The shocking and tragic collapse of the Francis Scott Key Bridge over Baltimore Harbor on Tuesday is already having significant impacts on trade and transportation throughout the East Coast region, with ship traffic in and out of the Port of Baltimore suspended until further notice. As a result, businesses that depend on the Port of Baltimore and its supporting infrastructure for shipment and distribution of cargo are facing significant financial losses in the coming weeks and months. Similarly, as the issues surrounding liability related to the collapse become more clear in the coming weeks and months, companies may find themselves at the center of legal liability claims arising from various aspects of the disaster.   

Fortunately, much of this loss is likely to be covered by insurance, as long as the companies that purchased it take appropriate steps to preserve and maximize the value of their claims. Some preliminary steps companies can take to ensure they are extracting the full benefits of the insurance coverage they paid for include: 

  • Read your insurance policies carefully. The Key Bridge collapse implicates several types of policies that may provide coverage, including:
    • Business interruption and contingent business interruption: Many property policies contain these coverages, which replace lost income when a company’s business cannot fully operate, or when it cannot obtain needed components from its suppliers, as a result of some physical damage like the Key Bridge collapse. Maximizing this coverage will require a careful tracking and computation of lost income.
    • Marine cargo and supply chain coverage: Marine cargo policies typically cover materials and products on ships in transit against physical loss or damage. Some (but not all) exclude loss of, or damage to, products due to delay. Where marine cargo insurance does not cover delay related losses, it may be covered by supply chain insurance, which may also cover loss due to delays or delivery failure of goods and services from suppliers.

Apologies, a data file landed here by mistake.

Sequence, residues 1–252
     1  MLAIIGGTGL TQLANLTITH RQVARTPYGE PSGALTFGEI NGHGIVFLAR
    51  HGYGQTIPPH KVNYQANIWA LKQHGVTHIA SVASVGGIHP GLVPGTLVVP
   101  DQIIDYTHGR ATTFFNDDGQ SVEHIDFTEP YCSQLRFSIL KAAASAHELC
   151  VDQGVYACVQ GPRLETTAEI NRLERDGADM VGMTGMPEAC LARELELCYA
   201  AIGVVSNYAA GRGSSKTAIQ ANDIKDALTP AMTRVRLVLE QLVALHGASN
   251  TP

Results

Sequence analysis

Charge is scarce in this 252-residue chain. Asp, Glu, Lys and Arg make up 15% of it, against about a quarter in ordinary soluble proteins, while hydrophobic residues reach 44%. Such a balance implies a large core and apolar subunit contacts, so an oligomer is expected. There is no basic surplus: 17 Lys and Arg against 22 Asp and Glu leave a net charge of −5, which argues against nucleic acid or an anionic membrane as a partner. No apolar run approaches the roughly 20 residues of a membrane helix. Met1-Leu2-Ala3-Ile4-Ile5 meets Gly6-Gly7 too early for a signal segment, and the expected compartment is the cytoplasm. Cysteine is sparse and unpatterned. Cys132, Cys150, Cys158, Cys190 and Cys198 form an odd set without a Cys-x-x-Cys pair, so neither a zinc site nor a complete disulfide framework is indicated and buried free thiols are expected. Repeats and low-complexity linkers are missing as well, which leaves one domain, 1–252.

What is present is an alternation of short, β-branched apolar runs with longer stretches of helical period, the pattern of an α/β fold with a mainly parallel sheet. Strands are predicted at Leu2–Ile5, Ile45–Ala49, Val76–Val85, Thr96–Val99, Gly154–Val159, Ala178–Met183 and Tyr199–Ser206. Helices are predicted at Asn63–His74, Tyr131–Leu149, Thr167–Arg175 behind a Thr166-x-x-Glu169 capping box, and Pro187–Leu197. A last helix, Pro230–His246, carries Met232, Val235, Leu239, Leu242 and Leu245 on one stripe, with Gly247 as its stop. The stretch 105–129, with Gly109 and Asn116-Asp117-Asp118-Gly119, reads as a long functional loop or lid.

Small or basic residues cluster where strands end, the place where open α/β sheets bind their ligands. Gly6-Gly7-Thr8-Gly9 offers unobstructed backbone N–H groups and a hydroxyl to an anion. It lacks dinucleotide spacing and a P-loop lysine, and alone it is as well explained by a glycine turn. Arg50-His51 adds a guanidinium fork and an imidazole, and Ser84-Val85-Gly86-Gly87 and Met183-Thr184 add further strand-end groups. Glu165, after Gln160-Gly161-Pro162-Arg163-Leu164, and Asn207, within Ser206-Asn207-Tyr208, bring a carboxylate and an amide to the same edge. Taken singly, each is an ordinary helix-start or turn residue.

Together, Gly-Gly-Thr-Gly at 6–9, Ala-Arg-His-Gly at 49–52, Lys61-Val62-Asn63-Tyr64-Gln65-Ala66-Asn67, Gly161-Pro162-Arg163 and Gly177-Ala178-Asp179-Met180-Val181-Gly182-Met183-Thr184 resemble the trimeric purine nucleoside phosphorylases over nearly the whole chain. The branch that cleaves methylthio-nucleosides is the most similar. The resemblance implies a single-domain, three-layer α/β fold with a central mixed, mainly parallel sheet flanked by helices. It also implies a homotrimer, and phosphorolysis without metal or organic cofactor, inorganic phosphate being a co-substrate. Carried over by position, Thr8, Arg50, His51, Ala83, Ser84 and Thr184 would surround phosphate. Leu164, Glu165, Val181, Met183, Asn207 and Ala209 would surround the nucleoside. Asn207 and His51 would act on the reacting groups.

• Liability insurance: Legal liability for various aspects of the Key Bridge collapse will take months or possibly years to be sorted out entirely. For companies that become liability targets, various types of liability coverages, including general liability and directors and officers may provide much-needed funding for judgments, settlements, and the cost of defending against the claims.   
  • Be proactive. Insurance policies typically require policyholders to make their claims expeditiously, or at least within a reasonable time. Taking a “wait and see” approach is not advisable. Companies typically should use general, broad language when notifying their insurers of claims, and should take considerable care in assuring that they are timely meeting the conditions for coverage set forth in their policies.   
  • Quantify the claim. Gather and preserve information that quantifies the effects of the bridge collapse on the company’s business, including lost profits and unexpected expenses.
  • Stay on your insurance company’s radar. Make sure that your insurer is responding promptly to your communications. If necessary, write letters demanding information on the status of your claim and explanations of any coverage positions they may have taken. If you don’t hear back, follow up on those requests.
  • Speak with policyholder-side insurance experts. Insurers do not profit from paying claims, and will assert whatever defense they believe will absolve or mitigate their coverage obligations. Insured companies should have an advocate that is highly experienced in making sure they receive the full benefit of their policies. This is what the attorneys in Reed Smith’s Insurance Recovery Group do all day, every day. We would be pleased to speak with you about ways we can help navigate your insurance claims during this challenging time.